-"Shortcut" like tools/techniques and why CBT doesn't work for everyone. (To keep things organized, I'll post this in Therapy: http://www.socialanxietysupport.com/...esn-t-1617410/)

For some, the main issues tend to be the worry type thoughts, beliefs, self esteem and for others the physical symptoms of fight or flight or freeze response. For me, as mentioned above, the main issues were the physical symptoms and not really the thinking related issues. There were some what if type worry thoughts (if I can't perform > no job > no money > no survival) but if SA would not have been present, then those wouldn't have been issues either. Interestingly, with some "mental martial arts" training, I was able to deal with those.

Before I continue, I need to mention the my most interesting observation while attending SA support groups over the last 11 years. People seem to fall into two groups based on answering the following question.
Do you believe that SA will be completely gone or will it be always present?
-Yes. SA issues will be completely gone and will be able to live a "normal" life.
-No. SA will always be present but it may be possible to cope or manage it.

For me, SA started at a very early age. I remember a few situations of being "held back" by some strange force and had to keep pushing a lot. I kept wondering if it was my "personality" or was it something that I could change. The only relevant tip that I've received was to speak in front of a mirror. I did that for a while but it made no difference. In a way, I kept thinking that "I would like to change it if I could" but weren't aware of any way to do so. ( If you are reading this then you are in a much better situation because at that time the internet wasn't even around )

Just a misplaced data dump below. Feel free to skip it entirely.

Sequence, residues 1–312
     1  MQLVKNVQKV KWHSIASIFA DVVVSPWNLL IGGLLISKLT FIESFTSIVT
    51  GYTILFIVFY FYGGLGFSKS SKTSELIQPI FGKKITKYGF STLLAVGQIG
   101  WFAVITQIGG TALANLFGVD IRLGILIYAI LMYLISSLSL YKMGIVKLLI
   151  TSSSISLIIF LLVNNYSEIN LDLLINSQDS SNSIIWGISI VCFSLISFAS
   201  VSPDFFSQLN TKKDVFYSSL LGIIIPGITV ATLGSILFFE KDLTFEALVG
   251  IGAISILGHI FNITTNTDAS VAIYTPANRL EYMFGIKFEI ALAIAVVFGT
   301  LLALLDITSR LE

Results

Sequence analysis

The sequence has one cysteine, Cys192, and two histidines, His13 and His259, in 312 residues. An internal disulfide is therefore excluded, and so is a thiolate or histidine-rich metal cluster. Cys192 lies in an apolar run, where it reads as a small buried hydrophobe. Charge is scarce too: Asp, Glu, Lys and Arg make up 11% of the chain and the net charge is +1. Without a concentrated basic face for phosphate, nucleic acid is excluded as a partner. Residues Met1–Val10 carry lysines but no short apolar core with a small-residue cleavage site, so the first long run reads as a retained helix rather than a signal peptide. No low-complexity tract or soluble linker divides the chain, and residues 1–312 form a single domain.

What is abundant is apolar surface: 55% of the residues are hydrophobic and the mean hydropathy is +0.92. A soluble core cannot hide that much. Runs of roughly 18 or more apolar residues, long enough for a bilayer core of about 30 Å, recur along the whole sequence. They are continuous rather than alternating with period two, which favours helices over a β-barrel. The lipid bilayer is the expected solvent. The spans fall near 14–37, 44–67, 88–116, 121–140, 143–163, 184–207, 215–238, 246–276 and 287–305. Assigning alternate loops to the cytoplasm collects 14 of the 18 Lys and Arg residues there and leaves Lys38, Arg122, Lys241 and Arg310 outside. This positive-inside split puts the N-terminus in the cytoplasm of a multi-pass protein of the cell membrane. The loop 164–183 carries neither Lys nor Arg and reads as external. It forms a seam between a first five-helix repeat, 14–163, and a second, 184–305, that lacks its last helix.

However, a few things gave me hope (about two decades ago).
Reading about the experience of a person on the website called Shy and Free http://shyandfree.com/ and how he was able to transform his shyness gave hope that change is possible.
Around the same time later I saw two documentaries.
-One was about phobias. Some fairly common: snakes, spiders, mice, etc. There was a common theme though: they had one scary event and after that they re-experience the panic when the trigger was present. This gave me the idea how easy it is to *learn* to fear something. And there also some really strange ones e.g. there was a guy being afraid of opening closet doors because he was scared that his [email protected] would get stuck there. :